Also, He is FULL of raging hormones at 2 years of age.....SO take him to the vet and get his "Brains" removed. This will make a significant difference in his aggressive attitude and Need for Roaming type activities.
    You have to remember that these type of dogs are still very close too the Wolf and as such they are programmed to do about 3 things: killing their supper, breeding to sustain their species, and rest to continue to participate in the other two. I would call the AKC and see if there is anyone available to advise you on your particular type of dog. I know how you feel BUT don't give up easily because there is help and answers for your problems..........fordy :eek: :)
     
  4. Mike in Ohio

    Mike in Ohio Well-Known Member

    Messages:
    3,143
    Joined:
    Oct 29, 2002
    mtnhighgirl,

    Huskies are runners. Taz, our 7 year old neutered male, loves to run his fool head off. Fortunately he primarily runs back in the woods which are bordered by a river and a 70 foot high railroad embankment (he has about 200 acres to play in).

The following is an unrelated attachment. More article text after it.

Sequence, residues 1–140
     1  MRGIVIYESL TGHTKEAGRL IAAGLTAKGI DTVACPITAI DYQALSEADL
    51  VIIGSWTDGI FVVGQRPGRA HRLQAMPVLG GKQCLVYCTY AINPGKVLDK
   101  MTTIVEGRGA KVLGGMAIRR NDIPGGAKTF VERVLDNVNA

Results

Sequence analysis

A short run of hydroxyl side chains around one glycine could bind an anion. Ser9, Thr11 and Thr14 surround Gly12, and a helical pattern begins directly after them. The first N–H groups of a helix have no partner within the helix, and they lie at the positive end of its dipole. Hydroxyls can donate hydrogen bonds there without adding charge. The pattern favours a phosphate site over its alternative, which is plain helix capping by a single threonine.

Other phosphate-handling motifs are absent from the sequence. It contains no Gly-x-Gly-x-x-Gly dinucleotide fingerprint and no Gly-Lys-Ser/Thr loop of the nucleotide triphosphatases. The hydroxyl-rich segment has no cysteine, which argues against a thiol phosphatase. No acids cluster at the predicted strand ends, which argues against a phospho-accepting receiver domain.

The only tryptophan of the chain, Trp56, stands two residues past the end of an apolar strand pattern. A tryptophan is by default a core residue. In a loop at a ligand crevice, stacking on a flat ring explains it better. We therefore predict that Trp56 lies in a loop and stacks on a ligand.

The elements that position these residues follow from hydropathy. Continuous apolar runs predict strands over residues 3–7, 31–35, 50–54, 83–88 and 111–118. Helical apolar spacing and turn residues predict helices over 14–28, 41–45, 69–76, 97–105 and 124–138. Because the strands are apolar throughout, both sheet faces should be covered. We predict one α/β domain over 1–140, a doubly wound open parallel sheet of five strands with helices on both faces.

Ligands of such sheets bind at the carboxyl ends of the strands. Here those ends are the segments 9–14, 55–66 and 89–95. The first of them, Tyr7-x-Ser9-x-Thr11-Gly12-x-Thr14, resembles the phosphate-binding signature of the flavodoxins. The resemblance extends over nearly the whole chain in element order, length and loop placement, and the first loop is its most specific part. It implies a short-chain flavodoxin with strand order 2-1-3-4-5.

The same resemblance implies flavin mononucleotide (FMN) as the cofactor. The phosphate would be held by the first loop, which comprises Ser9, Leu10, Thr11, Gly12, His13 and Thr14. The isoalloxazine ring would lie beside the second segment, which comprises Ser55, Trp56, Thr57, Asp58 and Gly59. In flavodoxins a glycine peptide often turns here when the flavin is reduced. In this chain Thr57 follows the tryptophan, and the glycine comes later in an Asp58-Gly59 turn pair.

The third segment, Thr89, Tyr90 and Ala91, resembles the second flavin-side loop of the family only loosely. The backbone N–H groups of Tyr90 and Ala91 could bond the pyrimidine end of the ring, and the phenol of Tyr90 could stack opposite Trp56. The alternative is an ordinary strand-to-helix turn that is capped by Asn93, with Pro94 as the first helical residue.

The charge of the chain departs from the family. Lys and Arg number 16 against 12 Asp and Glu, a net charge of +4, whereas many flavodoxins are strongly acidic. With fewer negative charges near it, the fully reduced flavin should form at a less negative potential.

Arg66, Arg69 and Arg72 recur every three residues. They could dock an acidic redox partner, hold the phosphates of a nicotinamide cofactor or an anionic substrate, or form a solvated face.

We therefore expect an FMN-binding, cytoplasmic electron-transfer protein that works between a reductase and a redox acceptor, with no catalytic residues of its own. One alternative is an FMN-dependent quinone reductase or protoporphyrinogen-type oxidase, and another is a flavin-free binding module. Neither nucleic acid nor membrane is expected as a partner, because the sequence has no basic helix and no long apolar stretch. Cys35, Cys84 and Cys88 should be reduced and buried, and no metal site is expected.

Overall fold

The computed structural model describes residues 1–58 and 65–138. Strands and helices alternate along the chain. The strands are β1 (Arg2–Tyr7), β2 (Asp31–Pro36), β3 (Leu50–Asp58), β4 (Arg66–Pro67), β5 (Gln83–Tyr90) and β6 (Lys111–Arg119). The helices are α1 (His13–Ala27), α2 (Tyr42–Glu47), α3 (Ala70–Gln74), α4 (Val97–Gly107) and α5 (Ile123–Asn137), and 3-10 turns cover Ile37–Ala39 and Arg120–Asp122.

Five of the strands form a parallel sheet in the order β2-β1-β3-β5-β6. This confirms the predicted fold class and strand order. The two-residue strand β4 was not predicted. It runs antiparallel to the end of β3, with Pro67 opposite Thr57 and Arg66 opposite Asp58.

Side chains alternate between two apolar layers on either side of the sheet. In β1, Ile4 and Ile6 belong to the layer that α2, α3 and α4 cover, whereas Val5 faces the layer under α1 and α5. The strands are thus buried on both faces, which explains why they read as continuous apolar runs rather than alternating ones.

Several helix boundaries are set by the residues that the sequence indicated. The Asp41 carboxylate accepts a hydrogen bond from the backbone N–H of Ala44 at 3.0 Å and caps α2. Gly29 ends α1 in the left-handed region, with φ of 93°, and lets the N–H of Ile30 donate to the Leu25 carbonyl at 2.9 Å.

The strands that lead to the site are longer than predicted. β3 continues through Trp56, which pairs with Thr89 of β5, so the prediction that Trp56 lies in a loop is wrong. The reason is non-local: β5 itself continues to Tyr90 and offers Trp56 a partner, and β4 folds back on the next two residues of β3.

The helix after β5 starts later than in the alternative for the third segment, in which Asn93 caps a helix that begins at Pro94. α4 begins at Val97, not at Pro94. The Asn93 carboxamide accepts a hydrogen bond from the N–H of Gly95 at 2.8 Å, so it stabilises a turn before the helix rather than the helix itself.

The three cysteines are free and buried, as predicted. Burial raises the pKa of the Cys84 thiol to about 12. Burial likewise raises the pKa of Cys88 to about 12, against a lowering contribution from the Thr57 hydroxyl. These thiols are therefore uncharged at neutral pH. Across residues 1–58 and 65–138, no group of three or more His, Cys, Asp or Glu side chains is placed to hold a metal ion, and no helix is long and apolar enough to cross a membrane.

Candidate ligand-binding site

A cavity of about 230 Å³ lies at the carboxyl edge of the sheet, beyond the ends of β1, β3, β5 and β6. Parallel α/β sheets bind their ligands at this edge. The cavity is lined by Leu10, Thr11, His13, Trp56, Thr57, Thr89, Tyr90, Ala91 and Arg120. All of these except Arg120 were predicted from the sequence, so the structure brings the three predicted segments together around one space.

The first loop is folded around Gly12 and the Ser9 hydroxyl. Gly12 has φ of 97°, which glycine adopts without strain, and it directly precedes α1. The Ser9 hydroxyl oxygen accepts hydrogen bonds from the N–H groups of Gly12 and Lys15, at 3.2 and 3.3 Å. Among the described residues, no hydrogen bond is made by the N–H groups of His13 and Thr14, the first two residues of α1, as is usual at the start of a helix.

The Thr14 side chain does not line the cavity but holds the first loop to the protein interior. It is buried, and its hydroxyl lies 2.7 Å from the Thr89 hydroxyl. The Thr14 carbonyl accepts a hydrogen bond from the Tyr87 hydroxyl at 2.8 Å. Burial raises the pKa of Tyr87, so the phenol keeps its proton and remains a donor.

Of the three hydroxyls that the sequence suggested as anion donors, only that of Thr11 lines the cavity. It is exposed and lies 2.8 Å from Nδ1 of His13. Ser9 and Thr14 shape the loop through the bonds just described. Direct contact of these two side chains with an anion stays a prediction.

He spends his days either tethered or in the fenced in area we made for him.

    Also understand that huskies are diggers and climbers (yes, they can even learn to climb chainlink fences).

    Having said this, huskies are very protective and loving once they bond to you.

    You can train them. Taz no longer attempts to eat our cats. That only took a year or so to take effect. He is still willing to go after squirrels, rabbits, deer, possums, groundhogs and other male dogs.

    Mike
     
  5. Yankee1

    Yankee1 Well-Known Member

    Messages:
    188
    Joined:
    Dec 17, 2003
    Location:
    Arkansas
    I have a Husky/Wolf mix She is 2 years old and very playfull I keep her in a fenced area about 100 x 200. She did need the shock collar to help train for about the first 5 month I had her now all i have to do is walk outside and she will stay within 20 feet of me.
     
  6. mtnhighgirl

    mtnhighgirl Well-Known Member

    Messages:
    299
    Joined:
    Apr 26, 2003
    Location:
    a mountain in BC Canada
    We will look into the shock collar. We can't build a dog pen, but he is on a chain lead that allows him to roam a good part of the yard. We used to be able to let him run free if we were outside with him, but since the first snowfall, he doesn't come when called and takes off. He is already fixed, so that won't solve anything. Our landlords have an older male dog, that seems to be the incentive for our dog to run over there.